Human trafficking: An underreported crime in Pakistan

Over 3 million people are living in modern slavery, encompassing bonded labour, forced marriage, sexual exploitation.

Syeda Alizeh Ahmed June 04, 2024

Human trafficking in Pakistan is a silent crisis, festering beneath the surface of society and ensnaring countless women and children in a web of exploitation and despair. This egregious crime, hidden in plain sight, exposes the dark underbelly of a nation grappling with corruption, insufficient law enforcement, and systemic governmental failures. The pervasive abuse of the most vulnerable, driven by ruthless criminal networks, perpetuates a cycle of suffering and societal indifference that demands urgent and decisive action. This human rights catastrophe is not merely a blemish on Pakistan's moral fabric—it is a profound crisis that calls for immediate, comprehensive intervention to save the innocent and restore justice.

The magnitude of human trafficking in Pakistan is staggering, with the Global Slavery Index estimating over three million people living in modern slavery, encompassing bonded labour, forced marriage, and sexual exploitation, often targeting women and children. The trafficking of children, for purposes such as domestic servitude, begging, and hazardous labour in industries such as brick kilns and carpet weaving, starkly illustrates the systemic failure to protect society's most vulnerable.

Bonded labour in the agricultural sector exemplifies this modern-day slavery, trapping entire families in cycles of debt and servitude for generations, perpetuated by landowners exploiting legal loopholes and corruption. Despite the Bonded Labour System (Abolition) Act of 1992, enforcement is inadequate, with victims often invisible to the legal system. The entrenched feudal structures and local authorities' complicity or indifference further complicate efforts to dismantle these exploitative networks.

Human trafficking for sexual exploitation is another pervasive issue in Pakistan, where women and girls from impoverished backgrounds are lured with promises of employment and better lives, only to find themselves trapped in brothels and subjected to horrific abuse. The covert nature of this trade, combined with societal stigmas attached to victims, ensures that these crimes remain underreported and inadequately addressed. Non-governmental organisations (NGOs) like the Edhi Foundation have made commendable efforts to rescue and rehabilitate victims, yet their resources are limited, and the scale of the problem demands a much larger, coordinated response.

Moreover, the rise of the internet and social media has provided traffickers with new avenues to exploit vulnerable individuals, making online recruitment, grooming, and exploitation alarmingly common. This necessitates a robust cyber-crime framework to combat these modern threats. Unfortunately, Pakistan's cyber laws are still in their nascent stages, and law enforcement agencies often lack the expertise and resources to effectively tackle online trafficking.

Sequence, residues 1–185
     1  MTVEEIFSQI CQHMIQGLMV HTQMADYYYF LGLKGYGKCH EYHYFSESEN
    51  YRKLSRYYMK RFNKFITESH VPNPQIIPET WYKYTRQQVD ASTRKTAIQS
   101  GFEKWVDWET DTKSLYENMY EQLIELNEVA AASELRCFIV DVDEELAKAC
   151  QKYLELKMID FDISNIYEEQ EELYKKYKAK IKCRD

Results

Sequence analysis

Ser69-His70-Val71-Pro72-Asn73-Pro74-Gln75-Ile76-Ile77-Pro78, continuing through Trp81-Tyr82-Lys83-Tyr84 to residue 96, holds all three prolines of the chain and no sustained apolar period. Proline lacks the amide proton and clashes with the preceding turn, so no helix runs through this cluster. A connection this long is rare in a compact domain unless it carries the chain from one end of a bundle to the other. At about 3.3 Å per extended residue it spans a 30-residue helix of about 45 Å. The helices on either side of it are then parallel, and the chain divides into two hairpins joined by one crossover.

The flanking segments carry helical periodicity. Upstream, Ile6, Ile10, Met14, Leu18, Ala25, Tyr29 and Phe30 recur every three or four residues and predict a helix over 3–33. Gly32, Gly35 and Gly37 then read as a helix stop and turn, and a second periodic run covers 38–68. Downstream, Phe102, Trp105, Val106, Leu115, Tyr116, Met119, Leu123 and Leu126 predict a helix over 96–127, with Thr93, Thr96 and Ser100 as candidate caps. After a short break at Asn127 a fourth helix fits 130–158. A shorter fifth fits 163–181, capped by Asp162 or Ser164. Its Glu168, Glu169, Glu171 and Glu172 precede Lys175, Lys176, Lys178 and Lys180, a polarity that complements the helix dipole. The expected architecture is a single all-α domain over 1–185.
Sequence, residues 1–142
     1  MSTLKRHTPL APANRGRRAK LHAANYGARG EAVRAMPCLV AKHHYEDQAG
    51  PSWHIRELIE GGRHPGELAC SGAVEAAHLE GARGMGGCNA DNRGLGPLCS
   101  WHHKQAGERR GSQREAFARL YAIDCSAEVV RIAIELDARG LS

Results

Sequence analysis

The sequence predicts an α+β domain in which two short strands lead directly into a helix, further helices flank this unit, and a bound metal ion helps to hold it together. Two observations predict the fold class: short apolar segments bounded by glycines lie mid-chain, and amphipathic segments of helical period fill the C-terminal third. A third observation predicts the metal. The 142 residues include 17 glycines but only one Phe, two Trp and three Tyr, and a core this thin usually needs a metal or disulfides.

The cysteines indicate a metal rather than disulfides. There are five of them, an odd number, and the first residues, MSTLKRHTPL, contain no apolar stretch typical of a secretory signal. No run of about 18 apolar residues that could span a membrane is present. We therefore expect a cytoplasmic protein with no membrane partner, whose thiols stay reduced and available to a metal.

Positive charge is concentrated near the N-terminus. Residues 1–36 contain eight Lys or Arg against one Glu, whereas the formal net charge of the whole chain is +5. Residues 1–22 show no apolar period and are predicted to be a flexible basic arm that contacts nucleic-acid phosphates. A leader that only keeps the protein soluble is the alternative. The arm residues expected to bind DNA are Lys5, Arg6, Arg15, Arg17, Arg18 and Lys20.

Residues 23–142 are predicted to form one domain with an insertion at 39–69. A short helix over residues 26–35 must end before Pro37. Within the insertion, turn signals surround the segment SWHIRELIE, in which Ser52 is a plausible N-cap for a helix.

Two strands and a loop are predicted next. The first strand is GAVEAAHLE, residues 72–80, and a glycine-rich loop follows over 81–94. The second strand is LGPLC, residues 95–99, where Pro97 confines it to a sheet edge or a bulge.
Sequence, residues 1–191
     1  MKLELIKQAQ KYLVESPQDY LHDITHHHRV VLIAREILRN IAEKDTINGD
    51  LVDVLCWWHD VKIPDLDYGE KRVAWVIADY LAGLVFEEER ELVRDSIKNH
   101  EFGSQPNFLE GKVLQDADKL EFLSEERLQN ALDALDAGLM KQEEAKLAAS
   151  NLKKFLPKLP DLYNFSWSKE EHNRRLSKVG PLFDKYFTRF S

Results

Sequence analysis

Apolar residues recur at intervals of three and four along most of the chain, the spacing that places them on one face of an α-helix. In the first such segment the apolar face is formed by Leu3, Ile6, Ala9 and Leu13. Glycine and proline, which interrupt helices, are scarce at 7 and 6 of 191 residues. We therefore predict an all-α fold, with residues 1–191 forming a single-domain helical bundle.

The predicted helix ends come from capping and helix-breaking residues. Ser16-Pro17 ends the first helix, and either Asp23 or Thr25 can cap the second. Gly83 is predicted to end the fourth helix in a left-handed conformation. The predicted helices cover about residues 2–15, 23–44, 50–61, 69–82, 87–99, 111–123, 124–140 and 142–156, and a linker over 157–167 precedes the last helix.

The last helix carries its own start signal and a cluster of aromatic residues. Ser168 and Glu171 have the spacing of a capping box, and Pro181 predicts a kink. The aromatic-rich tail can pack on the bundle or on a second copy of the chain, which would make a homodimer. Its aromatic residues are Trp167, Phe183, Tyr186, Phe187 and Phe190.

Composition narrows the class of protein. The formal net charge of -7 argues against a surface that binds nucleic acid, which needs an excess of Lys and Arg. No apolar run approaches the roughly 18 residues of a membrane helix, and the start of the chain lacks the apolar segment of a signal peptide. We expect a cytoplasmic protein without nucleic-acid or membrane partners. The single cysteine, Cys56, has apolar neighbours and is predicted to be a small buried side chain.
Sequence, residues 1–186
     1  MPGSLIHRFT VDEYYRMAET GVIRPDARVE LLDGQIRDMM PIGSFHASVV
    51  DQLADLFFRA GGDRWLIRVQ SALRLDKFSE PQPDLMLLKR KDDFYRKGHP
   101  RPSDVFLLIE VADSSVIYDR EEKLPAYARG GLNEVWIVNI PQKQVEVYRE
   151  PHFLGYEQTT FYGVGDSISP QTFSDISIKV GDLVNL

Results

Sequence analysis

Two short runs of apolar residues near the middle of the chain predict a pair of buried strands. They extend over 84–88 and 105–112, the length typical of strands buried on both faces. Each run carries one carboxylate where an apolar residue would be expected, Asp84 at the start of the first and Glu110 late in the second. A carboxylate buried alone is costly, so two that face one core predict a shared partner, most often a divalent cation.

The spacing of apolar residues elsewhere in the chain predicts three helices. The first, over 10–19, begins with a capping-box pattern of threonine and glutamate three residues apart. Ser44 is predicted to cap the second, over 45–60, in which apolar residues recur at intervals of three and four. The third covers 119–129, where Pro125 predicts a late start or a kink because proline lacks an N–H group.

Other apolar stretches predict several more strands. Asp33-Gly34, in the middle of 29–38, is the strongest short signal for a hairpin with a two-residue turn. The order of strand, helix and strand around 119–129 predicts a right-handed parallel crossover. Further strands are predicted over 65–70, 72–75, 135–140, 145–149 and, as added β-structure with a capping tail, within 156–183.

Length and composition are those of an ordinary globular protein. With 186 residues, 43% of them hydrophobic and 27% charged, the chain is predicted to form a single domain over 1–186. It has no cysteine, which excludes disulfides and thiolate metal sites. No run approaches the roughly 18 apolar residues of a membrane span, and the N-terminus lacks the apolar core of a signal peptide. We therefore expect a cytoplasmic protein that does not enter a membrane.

Corruption within Pakistan's law enforcement and judicial systems exacerbates human trafficking, with bribery and collusion with traffickers undermining accountability and justice for victims. Cases are often delayed or dismissed due to insufficient evidence or the influence of powerful individuals, perpetuating a culture of impunity. A comprehensive overhaul of the legal and judicial systems, focusing on transparency, accountability, and victim-centered justice, is essential to address this issue. Education and awareness campaigns are crucial, as many victims come from marginalised communities with limited access to education and economic opportunities. Investing in education and vocational training can empower these communities and reduce vulnerability to trafficking. Public awareness campaigns can also change societal attitudes towards victims, encouraging reporting and fostering a culture of vigilance against trafficking.

International cooperation is crucial in combating human trafficking, a transnational crime that requires a coordinated global effort. Pakistan must collaborate with neighbouring countries and international organisations to dismantle trafficking networks, share intelligence, and support cross-border rescue operations. Adherence to international conventions, such as the United Nations Protocol to Prevent, Suppress and Punish Trafficking in Persons, is essential for aligning domestic laws with global standards. Addressing this multifaceted and deeply entrenched issue demands urgent and sustained action from the Pakistani government, prioritising the protection of vulnerable populations, strengthening legal and law enforcement frameworks, and fostering a culture of zero tolerance towards trafficking. Only through a concerted and holistic approach can Pakistan eradicate this blight and ensure a safer, more just society for all its citizens.

Syeda Alizeh Ahmed

A keen writer and poet deeply immersed in the world of literature, dedicated to creating stories and poems that capture the beauty of language and storytelling.

The views expressed by the writer and the reader comments do not necassarily reflect the views and policies of the Express Tribune.


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